The Lynnwood City Council at its Oct. 21 meeting revisited the discussion regarding a low-income tenant displacement ordinance proposed by Councilmember George Hurst. At the council’s Oct. 16 business meeting, Hurst made a motion proposing the formation of an ad hoc task group to draft an ordinance that would help displaced low-income residents cover the cost of moving out of the building which is scheduled for remodel.
The motion was supported by multiple Whispering Pines residents, who spoke during the meeting’s public comments portion. Tenants of the low-income housing apartment complex are expected to be moved out of the building by September 2021.
During the Oct. 21 work session, there was general agreement in favor of a task group to explore an ordinance. However, the council was divided on whether the city’s tax dollars should cover the cost of displaced tenants’ move-in deposits, fees and moving services.
Opening the discussion, Hurst said the council should consider the adoption of a displaced tenant ordinance, not only for Whispering Pines residents, but other low-income tenants who may be displaced in the future.
“I think that the crucial part for me is that we need to take this step forward and at least take a look at this ordinance and see if it’s feasible for Lynnwood,” he said.
During the discussion, the councilmembers clashed on whether the city should authorize the use of taxpayers’ dollars to cover the moving costs for displaced tenants. According to Hurst, under state law the city has the authority to use Real Estate Excise Tax (REET) funds to assist displaced tenants cover the cost of relocating. Additionally, he said that the city could potentially be authorized to use sales tax funds under House Bill 1406.
Though she supported the formation of a task group, Councilmember Ruth Ross said she did not agree that the city should adopt an ordinance that authorized the use of taxpayers’ dollars and the ordinance drafted by the task group should be focused on helping Whispering Pines residents.
“I would like to help these people,” she said. “That’s what I think the focus should be.”
Instead, Ross suggested that the city look into available grants to cover the cost of displaced tenants instead of having the money come from the city’s taxpayers.
Council Vice President Christine Frizzell said that after speaking with community members, she agreed that the city should find alternatives to using tax dollars to aid Whispering Pines tenants.
“There is concern about using taxpayer dollars for a very small portion of our population,” she said.
Furthermore, Frizzell pointed out that there could be other buildings that need remodeling, which could lead to more displaced tenants. Frizzell said she was unsure using tax dollars to continue to help displaced tenants was a sustainable model. Like Ross, she suggested the city look into partnering with nonprofit organizations.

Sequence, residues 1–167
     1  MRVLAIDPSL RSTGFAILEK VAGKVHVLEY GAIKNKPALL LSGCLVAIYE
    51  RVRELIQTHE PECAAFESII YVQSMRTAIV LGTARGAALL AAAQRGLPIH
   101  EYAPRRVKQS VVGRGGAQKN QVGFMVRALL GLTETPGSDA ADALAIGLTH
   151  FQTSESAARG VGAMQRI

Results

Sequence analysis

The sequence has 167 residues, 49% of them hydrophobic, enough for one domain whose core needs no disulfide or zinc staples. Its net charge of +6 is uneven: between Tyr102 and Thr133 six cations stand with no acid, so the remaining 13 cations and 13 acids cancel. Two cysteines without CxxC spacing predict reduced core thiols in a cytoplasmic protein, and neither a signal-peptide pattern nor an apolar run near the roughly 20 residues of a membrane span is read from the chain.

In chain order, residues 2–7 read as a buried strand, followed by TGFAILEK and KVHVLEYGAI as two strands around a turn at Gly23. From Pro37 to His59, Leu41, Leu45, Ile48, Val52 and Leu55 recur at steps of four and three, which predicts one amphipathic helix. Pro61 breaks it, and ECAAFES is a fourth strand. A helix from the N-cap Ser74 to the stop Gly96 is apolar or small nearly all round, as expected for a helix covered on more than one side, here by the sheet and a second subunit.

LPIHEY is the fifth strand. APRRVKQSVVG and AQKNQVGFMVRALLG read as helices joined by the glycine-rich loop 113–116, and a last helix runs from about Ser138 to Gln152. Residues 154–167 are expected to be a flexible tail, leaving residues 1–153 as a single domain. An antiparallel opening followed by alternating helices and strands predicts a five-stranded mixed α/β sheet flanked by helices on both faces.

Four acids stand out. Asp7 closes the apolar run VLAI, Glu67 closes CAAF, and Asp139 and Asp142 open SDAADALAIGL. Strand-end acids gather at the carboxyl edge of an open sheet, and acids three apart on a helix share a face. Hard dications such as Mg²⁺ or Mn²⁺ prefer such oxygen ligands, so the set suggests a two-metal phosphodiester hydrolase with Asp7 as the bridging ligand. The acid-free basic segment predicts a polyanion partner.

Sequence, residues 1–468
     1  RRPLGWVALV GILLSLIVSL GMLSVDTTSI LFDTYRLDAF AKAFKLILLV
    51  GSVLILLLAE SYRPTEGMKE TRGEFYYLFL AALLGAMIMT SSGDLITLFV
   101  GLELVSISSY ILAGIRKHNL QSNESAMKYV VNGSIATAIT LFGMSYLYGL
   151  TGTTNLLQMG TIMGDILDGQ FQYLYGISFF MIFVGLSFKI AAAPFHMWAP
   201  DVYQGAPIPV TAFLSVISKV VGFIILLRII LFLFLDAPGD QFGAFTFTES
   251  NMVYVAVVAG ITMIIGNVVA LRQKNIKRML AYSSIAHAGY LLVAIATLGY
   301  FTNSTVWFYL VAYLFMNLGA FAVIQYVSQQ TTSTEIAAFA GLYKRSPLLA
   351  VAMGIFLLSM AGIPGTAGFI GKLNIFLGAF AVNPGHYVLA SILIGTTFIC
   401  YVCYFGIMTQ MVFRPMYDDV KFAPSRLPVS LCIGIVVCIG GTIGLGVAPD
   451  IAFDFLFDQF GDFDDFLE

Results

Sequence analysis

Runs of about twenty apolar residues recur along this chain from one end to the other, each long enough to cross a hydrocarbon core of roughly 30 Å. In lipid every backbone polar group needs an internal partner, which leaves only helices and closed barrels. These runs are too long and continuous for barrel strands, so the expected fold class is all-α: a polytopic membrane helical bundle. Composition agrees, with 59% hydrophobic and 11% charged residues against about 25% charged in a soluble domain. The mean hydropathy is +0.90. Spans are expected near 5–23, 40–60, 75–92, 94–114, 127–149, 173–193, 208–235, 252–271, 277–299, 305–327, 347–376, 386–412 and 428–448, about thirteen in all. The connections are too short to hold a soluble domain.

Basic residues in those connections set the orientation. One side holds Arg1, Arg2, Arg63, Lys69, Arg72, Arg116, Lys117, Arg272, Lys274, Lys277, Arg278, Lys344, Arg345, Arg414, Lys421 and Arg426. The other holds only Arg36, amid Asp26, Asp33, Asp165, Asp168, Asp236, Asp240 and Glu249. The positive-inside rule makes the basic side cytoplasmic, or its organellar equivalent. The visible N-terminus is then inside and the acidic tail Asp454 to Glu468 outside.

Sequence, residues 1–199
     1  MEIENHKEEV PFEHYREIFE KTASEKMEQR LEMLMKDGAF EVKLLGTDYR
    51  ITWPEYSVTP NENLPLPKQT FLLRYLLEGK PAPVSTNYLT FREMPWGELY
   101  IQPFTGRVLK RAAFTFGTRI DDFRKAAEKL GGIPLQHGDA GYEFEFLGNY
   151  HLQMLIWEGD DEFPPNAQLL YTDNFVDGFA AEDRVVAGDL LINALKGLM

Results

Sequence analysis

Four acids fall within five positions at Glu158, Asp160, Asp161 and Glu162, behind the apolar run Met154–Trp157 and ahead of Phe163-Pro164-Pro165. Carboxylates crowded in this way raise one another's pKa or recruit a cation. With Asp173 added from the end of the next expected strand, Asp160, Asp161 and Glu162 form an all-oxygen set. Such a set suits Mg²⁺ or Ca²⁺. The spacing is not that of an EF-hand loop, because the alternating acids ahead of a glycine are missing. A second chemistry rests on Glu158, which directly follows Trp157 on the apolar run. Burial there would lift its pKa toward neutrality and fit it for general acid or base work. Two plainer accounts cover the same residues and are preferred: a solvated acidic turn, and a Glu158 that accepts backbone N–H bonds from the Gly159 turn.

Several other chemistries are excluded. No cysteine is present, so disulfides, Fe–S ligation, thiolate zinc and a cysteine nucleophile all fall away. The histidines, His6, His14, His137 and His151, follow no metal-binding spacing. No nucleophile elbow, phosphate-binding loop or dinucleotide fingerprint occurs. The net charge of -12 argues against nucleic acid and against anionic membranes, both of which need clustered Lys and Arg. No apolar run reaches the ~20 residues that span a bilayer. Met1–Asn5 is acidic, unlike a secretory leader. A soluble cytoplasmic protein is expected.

Additionally, Frizzell suggested that the council wait for additional housing data from city staff before implementing any policies regarding housing and that the solution should involve collaboration with other cities.
“We need to get other South County cities on board,” she said. “We need more than just us at the table.”
Whispering Pines is a mixed-income housing complex that accepts Section 8 low-income housing vouchers. In his response, Hurst pointed out that tax dollars fund Section 8 vouchers as well as the Housing Authority of Snohomish County (HASCO), which owns the building.
Responding to the suggestion that the city partner with non-profit organization, Hurst said that the proposed ordinance already has the support of local non-profits like Volunteers of America and HASCO.
“We have the ability right now to create an ordinance that will help these folks,” he said.
Councilmember Ian Cotton suggested that the ordinance be used as a trial run with an expiration date. While in effect, the council would be able to learn about how to better implement a more permanent solution. He also reminded the council that not long ago, they were considering purchasing the Rodeo Inn motel for $5 million to be used to house homeless Edmonds School District students and their families.
Councilmember Shannon Sessions pointed out that the potential purchase of the Rodeo Inn — which fell through due to the high cost of remodeling the building would have required — was a collaborative effort between the city, the school district and several other community partners that she said would have been a sustainable plan.
“That was something that actually could have carried on for years and continue serving our community,” she said. “I don’t see that as anything like this.”
Session added that she agreed with the decision to form the task group.
Council President Ben Goodwin also said he had concerns about sustainability with the proposed ordinance. Goodwin pointed out that most of the city’s low-income and affordable housing is located near the City Center district, which is anticipating future redevelopment. In his opinion, it may appear the council is helping with the ordinance in the short term, but if displaced Whispering Pines tenants are relocated to another building that could be subject to redevelopment, then the tenants will find themselves in the same situation down the road.
“I have concerns about sustainability,” he said. “But (also) are we doing more harm than good?”
The council will revisit the motion to form the ad hoc task group and the proposed amendments at its Oct. 28 business meeting.
–Story by Cody Sexton